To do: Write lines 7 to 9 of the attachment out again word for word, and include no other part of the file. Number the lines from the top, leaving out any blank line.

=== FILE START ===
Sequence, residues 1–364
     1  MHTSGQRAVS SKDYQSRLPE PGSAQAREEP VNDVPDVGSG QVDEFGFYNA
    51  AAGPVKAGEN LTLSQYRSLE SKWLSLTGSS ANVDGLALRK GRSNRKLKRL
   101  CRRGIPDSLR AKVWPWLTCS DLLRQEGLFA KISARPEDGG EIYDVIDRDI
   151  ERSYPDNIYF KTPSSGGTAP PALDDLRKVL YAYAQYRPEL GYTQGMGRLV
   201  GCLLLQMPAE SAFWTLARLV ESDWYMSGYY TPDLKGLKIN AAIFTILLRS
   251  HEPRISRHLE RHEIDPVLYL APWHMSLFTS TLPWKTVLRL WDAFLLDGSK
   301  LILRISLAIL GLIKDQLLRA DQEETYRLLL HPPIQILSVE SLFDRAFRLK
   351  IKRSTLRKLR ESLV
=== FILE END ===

   251  HEPRISRHLE RHEIDPVLYL APWHMSLFTS TLPWKTVLRL WDAFLLDGSK
   301  LILRISLAIL GLIKDQLLRA DQEETYRLLL HPPIQILSVE SLFDRAFRLK
   351  IKRSTLRKLR ESLV